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Mr. Takele has deep personal ties to the community of St. Paul, which supported him when he was a neglected child without a mother or father. This inspired him to dedicate his life to helping others, in turn.

In today’s world, he says, the primary goal of the center must be skills training. “The second goal is women’s empowerment,” he says. Women are marginalized in many ways, he says, which highlights the importance of offering ways to improve their lives and dignity.

“We want to make them feel special — to give them confidence.”

Educational programs are key to this process. According to the Demographic and Health Survey Program’s 2016 report on Ethiopia, compiled in cooperation with the Central Statistics Agency in Addis Ababa, about half of females age 6 or older have attended school, compared with about two-thirds of males. Although primary-school attendance rates in cities are roughly equal, disparities come into sharp relief in populations further above the age of 16, and farther from urban centers.

“Being a woman in our culture is a burden,” says 20-year-old Rehedet Salomon. “We are not free to do whatever we want. We can’t walk alone at night. We have so many responsibilities and duties.”

The short, slender young woman with curly hair says she had no money to go to school when her father died, so she had to drop out at an early age. At the center, Ms. Salomon is now taking an introductory course in sewing — a possible route to security and stability.

All around her, the center bustles with constant activity. This morning, second-level students completed a major project, distributing uniforms they made to students of neighboring schools. Now, while Ms. Salomon concentrates on a pattern at the sewing table, a young woman next to her takes the measurements of a student with a small waist. Farther away, a group of a dozen young women sell garments they made at their cooperative, where they utilize the skills they learned in class.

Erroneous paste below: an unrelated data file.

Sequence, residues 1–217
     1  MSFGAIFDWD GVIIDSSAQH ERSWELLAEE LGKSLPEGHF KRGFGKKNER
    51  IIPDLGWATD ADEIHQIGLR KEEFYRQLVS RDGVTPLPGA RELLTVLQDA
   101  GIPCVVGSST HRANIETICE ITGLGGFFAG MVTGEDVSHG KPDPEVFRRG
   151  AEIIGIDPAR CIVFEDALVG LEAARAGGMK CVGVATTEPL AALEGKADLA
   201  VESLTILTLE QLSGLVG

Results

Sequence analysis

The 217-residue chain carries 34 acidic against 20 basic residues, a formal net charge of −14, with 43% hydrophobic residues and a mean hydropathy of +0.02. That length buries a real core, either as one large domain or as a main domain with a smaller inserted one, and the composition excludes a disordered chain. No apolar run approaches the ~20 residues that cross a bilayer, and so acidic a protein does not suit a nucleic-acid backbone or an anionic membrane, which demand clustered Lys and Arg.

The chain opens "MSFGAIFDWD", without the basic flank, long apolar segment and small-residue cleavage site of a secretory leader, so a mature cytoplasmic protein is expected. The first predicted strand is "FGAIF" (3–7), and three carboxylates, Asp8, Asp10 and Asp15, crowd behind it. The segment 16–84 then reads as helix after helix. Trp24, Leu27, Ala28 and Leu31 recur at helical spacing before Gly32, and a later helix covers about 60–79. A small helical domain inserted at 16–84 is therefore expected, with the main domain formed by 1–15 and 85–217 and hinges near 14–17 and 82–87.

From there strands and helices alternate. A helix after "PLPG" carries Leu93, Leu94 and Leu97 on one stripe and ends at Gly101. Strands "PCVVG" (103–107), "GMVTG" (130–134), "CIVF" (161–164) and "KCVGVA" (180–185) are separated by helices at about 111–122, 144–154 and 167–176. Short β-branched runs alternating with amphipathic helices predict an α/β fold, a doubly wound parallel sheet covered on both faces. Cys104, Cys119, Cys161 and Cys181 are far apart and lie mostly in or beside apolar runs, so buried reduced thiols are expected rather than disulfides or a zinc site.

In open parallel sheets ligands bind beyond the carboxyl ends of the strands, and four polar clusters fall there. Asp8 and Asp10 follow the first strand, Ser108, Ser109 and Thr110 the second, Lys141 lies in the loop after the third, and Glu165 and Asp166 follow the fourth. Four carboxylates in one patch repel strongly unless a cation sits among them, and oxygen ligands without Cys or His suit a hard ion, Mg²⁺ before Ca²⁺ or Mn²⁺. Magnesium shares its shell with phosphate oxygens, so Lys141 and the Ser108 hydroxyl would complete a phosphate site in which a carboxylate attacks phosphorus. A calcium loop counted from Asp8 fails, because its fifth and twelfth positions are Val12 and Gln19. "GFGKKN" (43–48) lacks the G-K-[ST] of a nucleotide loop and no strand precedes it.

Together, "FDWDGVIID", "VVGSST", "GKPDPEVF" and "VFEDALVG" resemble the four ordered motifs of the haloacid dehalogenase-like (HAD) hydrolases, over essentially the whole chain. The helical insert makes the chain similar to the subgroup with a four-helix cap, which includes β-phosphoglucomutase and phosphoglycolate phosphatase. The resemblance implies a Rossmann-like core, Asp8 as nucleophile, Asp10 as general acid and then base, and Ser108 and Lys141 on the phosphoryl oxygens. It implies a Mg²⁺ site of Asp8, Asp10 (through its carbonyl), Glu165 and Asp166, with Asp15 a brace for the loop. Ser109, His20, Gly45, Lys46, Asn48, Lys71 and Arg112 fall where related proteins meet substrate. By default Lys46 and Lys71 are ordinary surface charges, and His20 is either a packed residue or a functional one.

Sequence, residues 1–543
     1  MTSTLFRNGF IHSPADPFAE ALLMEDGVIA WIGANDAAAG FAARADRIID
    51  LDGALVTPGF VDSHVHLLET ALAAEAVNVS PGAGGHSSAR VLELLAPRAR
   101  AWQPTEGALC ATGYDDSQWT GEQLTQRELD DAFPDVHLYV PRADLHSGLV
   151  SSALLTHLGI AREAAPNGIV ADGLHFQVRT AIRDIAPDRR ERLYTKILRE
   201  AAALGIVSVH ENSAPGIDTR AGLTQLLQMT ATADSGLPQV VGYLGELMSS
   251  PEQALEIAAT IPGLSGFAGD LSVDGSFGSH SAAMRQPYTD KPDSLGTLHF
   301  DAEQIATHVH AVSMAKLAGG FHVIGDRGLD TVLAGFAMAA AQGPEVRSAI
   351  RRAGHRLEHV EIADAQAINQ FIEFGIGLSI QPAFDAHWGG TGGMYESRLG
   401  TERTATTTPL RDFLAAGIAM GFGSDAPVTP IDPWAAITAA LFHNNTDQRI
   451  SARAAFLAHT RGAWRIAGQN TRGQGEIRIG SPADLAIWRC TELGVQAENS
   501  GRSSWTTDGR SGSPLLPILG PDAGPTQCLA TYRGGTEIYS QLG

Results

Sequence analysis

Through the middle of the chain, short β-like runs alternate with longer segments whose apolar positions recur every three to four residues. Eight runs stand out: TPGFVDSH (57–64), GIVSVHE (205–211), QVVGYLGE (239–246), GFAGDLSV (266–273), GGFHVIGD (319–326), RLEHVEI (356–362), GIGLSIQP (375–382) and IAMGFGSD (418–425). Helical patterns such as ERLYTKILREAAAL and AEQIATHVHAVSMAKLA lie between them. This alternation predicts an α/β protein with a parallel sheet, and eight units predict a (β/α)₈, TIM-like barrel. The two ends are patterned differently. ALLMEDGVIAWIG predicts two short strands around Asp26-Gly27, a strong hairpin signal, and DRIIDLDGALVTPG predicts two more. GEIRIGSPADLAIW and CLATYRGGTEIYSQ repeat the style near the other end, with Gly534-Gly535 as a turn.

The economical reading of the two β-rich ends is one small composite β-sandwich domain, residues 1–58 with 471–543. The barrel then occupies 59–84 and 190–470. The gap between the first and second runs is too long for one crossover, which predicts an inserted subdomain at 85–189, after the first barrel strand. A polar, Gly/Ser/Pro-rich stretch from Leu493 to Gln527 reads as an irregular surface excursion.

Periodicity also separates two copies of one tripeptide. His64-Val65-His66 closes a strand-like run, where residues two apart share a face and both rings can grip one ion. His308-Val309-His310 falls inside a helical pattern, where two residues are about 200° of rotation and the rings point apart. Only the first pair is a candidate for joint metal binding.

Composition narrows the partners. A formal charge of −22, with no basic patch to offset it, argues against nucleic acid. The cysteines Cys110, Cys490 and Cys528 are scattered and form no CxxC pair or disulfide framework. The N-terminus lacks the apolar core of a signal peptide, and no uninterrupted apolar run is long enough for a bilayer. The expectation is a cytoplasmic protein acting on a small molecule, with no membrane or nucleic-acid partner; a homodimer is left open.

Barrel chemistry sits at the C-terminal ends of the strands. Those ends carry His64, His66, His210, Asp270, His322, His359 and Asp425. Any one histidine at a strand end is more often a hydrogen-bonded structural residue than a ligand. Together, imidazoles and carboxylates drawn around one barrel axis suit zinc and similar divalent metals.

“It’s a miracle for me to be here,” says Ms. Salomon.

The student says she likes Kidist Mariam Center because she also learns discipline, etiquette and morals. She moreover appreciates what the Catholic program has been doing for the community.

“They don’t select people; they’re not forcing anybody to share their religion.”

Every Monday morning, the students gather in the center’s chapel to pray. This is time Lensa Tolosa treasures. Today, sitting in the center’s salon while another student braids her hair, Ms. Tolosa remembers how she used to pray often when she was in Beirut, asking God to protect her.

She migrated to Lebanon to earn money for her brothers, who had dropped out of school because their family could not afford tuition. She returned to Ethiopia overwhelmed by fear, depression and stress.

“Before, I was confused,” she says. “Now, I’m settled and focused. Here, the students try to help one another by sharing similar experiences.” Many take classes for half the day and work the other half. They strive to take control of their lives and to be self-sufficient.

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